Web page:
Scintilla – a flash, a spark, an iota. Shorthand for creativity and an indicator of inventiveness under Australian law.

Thursday, December 22, 2016

The TPP is dead! Or is it…?

By Isobel Carmody, Vacation Clerk, and Adrian Chang, Associate

Based on his presidential campaign strategy, we are not surprised that before taking office, US president-elect Donald Trump continues to shake the world with his pronouncements. One of his first? The Trans-Pacific Partnership (TPP) is fired! So is this the end of this grand, highly controversial trade deal? Or can it survive despite the Donald's dramatic declaration?

Wednesday, December 21, 2016

Productivity Commission's Final Report on Intellectual Property Arrangements Now Available

By Lev Gutkin, Lawyer

The Productivity Commission IP marathon was completed yesterday with the publication of the Final Report on IP Arrangements.

Unsurprisingly, given the wide scope and limited time, the Final Report is a mixture of good and bad. Some of the more concerning themes evident in the Draft Report published in April (discussed in our prior post) have not been changed by intense lobbying or, indeed, by evidence. Despite covering a huge volume of material (the report is over 700 pages), many of the individual sections are superficial, showing that in-depth understanding of the nuances of the more complex areas of law considered may not have been fully achieved.

Instead of providing high level recommendations, the Final Report often descends to individual and quite specific detail, including legal drafting recommendations. For example, the effect of recommendation 7.2 is to specify the detail of legislative wording, down as far as the detail of the matters to be mentioned in the Explanatory Memorandum.

Tuesday, December 20, 2016

Legislation to implement the Sansom review recommendations clarifies the Government response. We now have an interesting framework for implementation but the details are still to come.

By Ric Morgan, Special Counsel

A little over two months ago we wrote that the Government response to the Sansom review provided no clear indication 'the Government will be taking the medicine Sansom has prescribed'. The ongoing release of information and active consultation by the TGA is much more encouraging than our original prognosis.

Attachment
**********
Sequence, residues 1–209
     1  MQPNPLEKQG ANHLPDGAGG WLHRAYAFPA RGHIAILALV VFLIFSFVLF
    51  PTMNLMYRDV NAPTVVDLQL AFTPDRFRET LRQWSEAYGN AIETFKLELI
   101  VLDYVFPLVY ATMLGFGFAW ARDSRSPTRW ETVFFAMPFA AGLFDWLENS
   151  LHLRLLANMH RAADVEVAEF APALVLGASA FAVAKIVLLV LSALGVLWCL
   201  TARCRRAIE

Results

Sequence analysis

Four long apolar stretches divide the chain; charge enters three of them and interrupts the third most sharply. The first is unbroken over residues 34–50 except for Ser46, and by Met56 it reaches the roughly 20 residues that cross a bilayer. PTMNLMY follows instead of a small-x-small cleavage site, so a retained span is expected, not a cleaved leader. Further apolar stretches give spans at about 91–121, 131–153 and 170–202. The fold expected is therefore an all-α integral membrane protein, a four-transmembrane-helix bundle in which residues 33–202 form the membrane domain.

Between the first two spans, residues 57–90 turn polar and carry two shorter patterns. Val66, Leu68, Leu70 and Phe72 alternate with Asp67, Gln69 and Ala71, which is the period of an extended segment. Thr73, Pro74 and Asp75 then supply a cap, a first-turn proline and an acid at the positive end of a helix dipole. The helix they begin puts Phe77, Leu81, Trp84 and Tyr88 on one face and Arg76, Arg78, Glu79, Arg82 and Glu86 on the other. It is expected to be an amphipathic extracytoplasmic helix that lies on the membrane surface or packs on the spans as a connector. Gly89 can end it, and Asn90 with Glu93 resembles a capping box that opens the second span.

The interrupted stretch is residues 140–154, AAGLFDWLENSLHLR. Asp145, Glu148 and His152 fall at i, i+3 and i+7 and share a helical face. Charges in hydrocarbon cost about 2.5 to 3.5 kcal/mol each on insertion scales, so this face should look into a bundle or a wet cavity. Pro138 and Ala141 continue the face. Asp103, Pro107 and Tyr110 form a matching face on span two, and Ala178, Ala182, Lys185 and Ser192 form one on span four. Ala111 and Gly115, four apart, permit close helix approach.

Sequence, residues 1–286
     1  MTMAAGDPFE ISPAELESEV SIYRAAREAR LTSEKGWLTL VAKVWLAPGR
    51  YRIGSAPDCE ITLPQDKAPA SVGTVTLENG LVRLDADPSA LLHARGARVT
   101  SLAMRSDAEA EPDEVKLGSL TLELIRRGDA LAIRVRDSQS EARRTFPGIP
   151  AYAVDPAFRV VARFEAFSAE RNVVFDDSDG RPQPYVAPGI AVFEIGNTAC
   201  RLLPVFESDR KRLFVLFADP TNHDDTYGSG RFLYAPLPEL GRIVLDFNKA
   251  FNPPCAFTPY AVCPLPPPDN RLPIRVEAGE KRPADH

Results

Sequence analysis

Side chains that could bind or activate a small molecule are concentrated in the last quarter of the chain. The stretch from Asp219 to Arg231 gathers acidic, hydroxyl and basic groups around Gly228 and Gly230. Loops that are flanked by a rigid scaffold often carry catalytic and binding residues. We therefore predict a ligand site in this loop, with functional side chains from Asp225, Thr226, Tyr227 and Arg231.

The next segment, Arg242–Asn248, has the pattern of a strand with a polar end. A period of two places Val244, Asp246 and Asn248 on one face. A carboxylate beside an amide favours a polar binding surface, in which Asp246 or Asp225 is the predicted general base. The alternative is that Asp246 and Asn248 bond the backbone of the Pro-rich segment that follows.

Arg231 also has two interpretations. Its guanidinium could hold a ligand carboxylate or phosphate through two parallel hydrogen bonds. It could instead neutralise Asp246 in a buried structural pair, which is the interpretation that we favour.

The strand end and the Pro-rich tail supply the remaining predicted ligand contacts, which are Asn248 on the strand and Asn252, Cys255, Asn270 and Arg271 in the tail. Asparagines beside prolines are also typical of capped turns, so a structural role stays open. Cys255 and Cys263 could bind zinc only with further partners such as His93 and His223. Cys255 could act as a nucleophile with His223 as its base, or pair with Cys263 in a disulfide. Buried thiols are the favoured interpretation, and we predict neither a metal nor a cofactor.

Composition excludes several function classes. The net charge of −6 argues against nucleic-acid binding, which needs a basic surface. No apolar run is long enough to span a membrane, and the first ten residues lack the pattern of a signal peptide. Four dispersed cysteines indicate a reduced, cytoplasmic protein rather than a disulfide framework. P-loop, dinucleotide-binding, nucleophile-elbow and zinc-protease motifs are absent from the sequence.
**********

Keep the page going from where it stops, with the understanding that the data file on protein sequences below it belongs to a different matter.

Thursday, December 8, 2016

Pregabalin Patent Powers Through

By Lev Gutkin, Lawyer

Pfizer's drug Lyrica (pregabalin) is usually used to treat neuropathic pain, but is no doubt the cause of plenty of headaches for Apotex and Generic Partners, after Nicholas J dismissed their invalidity attack against patent no. 714980 and held that their conduct amounted to threatened infringement.

The patent is in respect of the use of pregabalin, the (S)-enantiomer of 3-aminomethyl-5-methylhexanoic acid (the 3-amino compound), a known anti-seizure drug, for the treatment of pain. Apotex claimed the patent was invalid on the grounds of insufficiency, inutility, false suggestion and because the patentee, Warner-Lambert, was not entitled to the patent.* Other than in relation to the entitlement issue, the pre-Raising-The-Bar provisions of the Patents Act 1990 (Cth) applied.

Friday, November 25, 2016

ACCC means business when it comes to cartels (but your trade mark might not)

By Natasha Dixon, Lawyer

The Federal Court has held that the registration of a trade mark in Australia, and the enforcement of rights pursuant to that registration, is not necessarily sufficient to establish that the owner of that trade mark is carrying on business in Australia for the purposes of applying Australia's competition laws.

Allegations were brought by the ACCC against Italian-based company Prysmian and French-based company Nexans SA, claiming that the companies were engaged in price fixing and market sharing agreements. As part of its argument, the ACCC was required to establish that the two international entities were carrying on business in Australia.

Wednesday, November 23, 2016

Leave the Interference to the Ribonucleic Acid: iRNA Patent Finally Gets There

By Lev Gutkin, Lawyer